The Complete Fairy Tales & Other Stories
By Hans Christian Andersen - online book

Oxford Complete Illustrated Edition all his stories written between 1835 and 1872.

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THE BOTTLE-NECK                       533
three brothers, who was a sailor, arid about to start on a long voyage, had been the day before to take leave. The mother was just engaged in packing up various things he was to take with him upon his journey, and which the father was going to carry into the town that evening to see his son once more, to give him a farewell greeting from the lad's mother and himself, and a little bottle of medicated brandy had already been wrapped up in a parcel, when the boys came in with the larger and stronger bottle which they had found. This bottle would hold more than the little one, and they pronounced that the brandy would be capital for a bad digestion, inasmuch as it was mixed with medical herbs. The draught that was poured into the bottle was not so good as the red wine with which it had once been filled ; these were bitter thoughts, but even these are sometimes good. The new big bottle was to go, and not the little one ; and so the bottle went travelling again. It was taken on board for Peter Jensen, in the very same ship in which the young mate sailed. But he did not see the bottle ; and, indeed, he would not have known it, or thought it was the same one out of which had been drunk a health to the betrothed pair and to his own happy return.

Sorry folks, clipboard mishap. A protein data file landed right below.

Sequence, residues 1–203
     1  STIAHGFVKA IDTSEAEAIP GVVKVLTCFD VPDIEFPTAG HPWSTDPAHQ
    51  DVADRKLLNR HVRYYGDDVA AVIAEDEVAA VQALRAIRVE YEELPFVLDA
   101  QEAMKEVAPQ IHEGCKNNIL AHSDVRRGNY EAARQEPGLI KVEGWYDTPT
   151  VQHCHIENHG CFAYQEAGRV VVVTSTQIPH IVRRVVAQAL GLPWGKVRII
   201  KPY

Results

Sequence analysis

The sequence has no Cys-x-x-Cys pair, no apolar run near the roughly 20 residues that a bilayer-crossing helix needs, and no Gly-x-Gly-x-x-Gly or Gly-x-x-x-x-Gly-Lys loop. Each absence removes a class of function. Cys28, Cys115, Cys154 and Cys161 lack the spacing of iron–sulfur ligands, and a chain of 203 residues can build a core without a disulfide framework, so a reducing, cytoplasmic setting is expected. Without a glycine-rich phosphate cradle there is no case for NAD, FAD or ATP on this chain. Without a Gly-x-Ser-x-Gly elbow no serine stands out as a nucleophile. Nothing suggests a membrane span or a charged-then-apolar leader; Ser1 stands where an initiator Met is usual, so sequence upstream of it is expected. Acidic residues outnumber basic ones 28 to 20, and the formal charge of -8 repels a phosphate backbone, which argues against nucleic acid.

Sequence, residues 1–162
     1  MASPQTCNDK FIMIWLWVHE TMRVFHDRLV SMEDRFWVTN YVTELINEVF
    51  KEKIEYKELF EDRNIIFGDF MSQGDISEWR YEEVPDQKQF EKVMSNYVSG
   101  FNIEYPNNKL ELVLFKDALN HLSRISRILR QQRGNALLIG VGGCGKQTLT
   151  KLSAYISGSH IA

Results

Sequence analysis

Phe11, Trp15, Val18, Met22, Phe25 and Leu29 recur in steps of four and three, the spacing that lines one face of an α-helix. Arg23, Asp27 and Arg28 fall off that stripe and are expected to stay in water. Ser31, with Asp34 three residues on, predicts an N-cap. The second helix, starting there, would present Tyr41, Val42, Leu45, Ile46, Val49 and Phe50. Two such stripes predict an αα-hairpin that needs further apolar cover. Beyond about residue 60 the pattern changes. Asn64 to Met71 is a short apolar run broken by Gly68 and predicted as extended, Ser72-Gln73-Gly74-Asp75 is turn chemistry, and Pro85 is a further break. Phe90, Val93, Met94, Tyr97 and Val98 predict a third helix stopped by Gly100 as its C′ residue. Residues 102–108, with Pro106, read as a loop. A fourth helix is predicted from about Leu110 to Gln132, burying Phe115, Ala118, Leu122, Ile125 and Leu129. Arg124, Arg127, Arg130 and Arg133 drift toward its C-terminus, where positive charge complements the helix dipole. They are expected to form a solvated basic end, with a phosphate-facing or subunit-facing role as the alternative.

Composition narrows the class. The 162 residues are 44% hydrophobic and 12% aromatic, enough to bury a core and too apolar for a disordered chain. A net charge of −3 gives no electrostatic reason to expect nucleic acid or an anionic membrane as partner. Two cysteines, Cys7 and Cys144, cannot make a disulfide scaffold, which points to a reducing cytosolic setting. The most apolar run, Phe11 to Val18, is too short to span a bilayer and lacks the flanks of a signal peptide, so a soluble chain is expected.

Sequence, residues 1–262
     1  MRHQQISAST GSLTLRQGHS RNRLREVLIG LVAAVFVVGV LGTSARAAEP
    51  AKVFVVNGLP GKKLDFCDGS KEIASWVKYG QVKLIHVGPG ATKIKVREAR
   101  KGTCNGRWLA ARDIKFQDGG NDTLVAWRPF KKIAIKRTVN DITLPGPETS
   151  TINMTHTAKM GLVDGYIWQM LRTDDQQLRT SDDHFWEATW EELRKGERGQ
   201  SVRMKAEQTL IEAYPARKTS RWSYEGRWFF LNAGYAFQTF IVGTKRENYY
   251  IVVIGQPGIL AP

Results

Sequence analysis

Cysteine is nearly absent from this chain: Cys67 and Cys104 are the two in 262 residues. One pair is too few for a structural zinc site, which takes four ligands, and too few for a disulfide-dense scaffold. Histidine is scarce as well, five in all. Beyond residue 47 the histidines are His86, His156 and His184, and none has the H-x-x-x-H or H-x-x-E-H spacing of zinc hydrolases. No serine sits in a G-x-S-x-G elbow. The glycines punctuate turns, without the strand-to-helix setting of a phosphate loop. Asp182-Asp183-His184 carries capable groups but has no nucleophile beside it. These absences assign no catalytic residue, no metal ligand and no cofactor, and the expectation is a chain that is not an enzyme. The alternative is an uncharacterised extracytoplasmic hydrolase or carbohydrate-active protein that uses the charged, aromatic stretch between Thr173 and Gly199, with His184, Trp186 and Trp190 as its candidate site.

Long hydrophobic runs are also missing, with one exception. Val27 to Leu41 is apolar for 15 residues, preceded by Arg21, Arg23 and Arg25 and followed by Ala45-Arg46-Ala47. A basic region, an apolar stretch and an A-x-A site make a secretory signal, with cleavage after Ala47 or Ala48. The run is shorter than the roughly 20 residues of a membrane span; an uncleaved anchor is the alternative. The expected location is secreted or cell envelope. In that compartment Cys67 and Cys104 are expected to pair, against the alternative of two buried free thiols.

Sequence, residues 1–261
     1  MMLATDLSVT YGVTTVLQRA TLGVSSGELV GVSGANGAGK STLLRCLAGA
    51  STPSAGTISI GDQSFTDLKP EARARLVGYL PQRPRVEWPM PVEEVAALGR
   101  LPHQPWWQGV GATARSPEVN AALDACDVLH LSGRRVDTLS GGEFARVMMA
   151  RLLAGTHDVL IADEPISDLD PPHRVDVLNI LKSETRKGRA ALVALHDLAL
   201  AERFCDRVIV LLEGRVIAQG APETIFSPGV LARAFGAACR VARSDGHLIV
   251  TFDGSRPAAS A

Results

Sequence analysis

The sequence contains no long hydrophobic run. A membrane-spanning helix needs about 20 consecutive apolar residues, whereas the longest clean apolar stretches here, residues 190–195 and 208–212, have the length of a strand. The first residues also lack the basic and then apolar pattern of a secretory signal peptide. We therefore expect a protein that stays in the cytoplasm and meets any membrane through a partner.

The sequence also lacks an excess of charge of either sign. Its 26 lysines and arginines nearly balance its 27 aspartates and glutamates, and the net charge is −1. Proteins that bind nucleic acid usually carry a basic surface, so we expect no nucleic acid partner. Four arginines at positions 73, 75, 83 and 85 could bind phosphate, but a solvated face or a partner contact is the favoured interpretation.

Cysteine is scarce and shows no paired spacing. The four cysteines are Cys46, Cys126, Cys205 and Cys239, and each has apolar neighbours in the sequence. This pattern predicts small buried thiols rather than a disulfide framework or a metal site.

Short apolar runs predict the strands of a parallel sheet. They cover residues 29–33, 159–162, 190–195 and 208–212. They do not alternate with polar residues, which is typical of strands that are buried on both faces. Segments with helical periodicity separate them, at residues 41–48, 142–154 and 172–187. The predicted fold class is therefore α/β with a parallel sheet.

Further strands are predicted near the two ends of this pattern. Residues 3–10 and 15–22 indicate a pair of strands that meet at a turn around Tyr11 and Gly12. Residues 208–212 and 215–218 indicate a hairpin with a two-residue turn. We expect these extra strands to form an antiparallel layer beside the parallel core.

Certainly it had no longer wine to give, but still it con­tained something that was just as good. Accordingly, whenever Peter Jensen brought it out, it was dubbed by his messmates The Apothecary. It contained the best medicine, medicine that strengthened the weak, and it gave liberally so long as it had a drop left. That was a pleasant time, and the bottle sang when it was rubbed with the cork ; and it was called the Great Lark, ' Peter Jensen's Lark.'
Long days and months rolled on, and the bottle already stood empty in a corner, when it happened—whether on the passage out or home the bottle could not tell, for it had never been ashore—that a storm arose ; great waves came careering along, darkly and heavily, and lifted and tossed the ship to and fro. The mainmast was shivered, and a wave started one of the planks, and the pumps became useless. It was black night. The ship sank; but at the last moment the young mate wrote on a leaf of